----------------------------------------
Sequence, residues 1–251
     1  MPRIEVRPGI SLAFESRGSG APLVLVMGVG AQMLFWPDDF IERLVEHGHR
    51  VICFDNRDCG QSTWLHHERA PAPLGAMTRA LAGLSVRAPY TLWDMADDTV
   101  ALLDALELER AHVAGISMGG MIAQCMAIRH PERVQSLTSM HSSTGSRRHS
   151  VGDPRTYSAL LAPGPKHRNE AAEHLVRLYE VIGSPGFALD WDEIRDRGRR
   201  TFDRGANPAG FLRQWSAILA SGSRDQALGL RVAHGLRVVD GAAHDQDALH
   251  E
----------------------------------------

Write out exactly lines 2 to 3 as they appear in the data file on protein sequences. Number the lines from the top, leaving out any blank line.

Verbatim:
     1  MPRIEVRPGI SLAFESRGSG APLVLVMGVG AQMLFWPDDF IERLVEHGHR
    51  VICFDNRDCG QSTWLHHERA PAPLGAMTRA LAGLSVRAPY TLWDMADDTV